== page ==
Review Of "Carried Away: All About Bags" Edited By F. Chenoune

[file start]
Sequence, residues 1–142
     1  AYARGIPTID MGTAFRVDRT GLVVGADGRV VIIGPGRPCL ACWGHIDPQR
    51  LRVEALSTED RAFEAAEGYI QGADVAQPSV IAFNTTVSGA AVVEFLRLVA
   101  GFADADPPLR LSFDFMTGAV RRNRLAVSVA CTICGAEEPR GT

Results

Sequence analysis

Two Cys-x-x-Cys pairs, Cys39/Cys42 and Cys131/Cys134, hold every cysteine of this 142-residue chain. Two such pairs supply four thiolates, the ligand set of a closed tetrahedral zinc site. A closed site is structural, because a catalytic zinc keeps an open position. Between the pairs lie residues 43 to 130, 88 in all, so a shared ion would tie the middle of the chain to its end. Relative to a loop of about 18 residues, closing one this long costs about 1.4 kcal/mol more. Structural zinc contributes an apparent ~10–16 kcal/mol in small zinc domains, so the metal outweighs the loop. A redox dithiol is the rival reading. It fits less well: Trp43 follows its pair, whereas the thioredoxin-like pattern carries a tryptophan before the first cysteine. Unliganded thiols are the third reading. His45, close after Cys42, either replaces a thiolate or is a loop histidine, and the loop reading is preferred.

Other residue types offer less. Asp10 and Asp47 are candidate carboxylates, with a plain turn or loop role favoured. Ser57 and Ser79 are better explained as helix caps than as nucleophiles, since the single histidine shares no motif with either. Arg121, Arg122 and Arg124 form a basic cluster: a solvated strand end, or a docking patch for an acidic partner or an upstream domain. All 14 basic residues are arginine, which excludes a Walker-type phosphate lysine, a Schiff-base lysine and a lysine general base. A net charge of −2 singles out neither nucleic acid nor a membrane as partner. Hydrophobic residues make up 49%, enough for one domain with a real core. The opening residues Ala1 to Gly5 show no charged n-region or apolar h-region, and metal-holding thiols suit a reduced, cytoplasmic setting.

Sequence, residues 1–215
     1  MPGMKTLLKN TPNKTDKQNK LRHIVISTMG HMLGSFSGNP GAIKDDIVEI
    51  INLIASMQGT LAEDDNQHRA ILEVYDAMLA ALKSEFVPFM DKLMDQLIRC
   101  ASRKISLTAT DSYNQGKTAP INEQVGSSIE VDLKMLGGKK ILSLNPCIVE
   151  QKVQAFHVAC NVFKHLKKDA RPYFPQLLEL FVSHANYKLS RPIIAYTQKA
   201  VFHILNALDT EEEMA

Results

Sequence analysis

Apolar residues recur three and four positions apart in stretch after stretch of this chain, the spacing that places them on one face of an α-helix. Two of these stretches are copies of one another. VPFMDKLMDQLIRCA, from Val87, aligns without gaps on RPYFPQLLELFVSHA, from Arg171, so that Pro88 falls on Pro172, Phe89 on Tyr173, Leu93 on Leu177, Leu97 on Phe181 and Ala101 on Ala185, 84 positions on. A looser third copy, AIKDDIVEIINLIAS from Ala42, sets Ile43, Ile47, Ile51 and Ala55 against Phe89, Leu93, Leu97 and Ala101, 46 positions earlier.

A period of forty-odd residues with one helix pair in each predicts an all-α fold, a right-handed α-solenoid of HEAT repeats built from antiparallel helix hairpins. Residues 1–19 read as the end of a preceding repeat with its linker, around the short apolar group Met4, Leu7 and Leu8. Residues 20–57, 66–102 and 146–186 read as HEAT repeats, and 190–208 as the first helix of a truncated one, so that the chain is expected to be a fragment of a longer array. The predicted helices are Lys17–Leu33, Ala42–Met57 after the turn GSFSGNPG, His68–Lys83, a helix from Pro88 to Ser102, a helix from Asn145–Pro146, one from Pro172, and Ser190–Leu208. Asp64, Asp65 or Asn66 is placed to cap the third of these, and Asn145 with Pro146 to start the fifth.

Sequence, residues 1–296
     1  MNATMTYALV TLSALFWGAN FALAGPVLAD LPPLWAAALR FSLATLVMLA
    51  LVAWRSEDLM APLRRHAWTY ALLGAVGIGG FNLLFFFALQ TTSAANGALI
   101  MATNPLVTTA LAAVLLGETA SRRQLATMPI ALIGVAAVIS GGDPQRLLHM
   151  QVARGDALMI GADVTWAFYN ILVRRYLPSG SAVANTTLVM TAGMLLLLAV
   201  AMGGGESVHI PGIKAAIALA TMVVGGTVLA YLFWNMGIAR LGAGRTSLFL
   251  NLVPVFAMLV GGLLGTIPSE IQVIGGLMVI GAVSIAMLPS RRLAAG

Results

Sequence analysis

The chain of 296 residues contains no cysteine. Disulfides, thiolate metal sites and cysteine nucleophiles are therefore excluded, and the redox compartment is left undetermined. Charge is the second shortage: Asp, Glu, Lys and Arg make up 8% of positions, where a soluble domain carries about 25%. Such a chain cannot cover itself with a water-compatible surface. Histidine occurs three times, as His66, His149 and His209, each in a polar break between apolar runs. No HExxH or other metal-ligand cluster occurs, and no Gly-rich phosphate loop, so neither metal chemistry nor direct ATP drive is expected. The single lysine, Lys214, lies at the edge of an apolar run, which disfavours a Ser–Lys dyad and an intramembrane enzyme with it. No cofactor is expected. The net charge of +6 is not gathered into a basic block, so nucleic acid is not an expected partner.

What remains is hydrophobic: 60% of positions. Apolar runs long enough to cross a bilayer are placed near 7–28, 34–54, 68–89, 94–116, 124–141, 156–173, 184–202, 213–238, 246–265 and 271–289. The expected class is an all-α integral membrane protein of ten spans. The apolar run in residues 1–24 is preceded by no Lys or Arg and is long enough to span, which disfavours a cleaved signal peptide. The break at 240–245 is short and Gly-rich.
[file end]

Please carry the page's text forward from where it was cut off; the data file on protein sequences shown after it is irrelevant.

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Originally published to accompany the exhibition Le cas du sac, organized by the Musée de la Mode et du Textile and Maison Hermés, this is a sumptuously illustrated book on an essential item of material culture. But it is inevitably a mixed bag, with 35 brief essays by 20-odd writers. A few are insightful. The introduction by editor Chenoune (Columbia Univ., France) observes astutely that the bag, unlike the pocket, exposes itself and yet conceals its content secretively; in another essay he marvels at the ubiquitous plastic bag. François Dagognet in an interview philosophizes the bag as a metaobject, and Olivier Saillard gives a perceptive overview of the woman's handbag. But the bulk of the book focuses on the ethnographic panorama of bags, from a Tuareg's pouch to the almoner's purse, from a Nigerian bead bag to a seaman's duffel. The coverage is broad but conspicuously Francophile and less than comprehensive (despite the English title); the reader may miss the phenomenology of the plain brown bag, the briefcase, the doctor's black bag, the backpack, the kimono sleeve, and the codpiece. Nevertheless, this is an informative, delightful work. Summing Up: Highly recommended. General readers; lower-division undergraduates through faculty.


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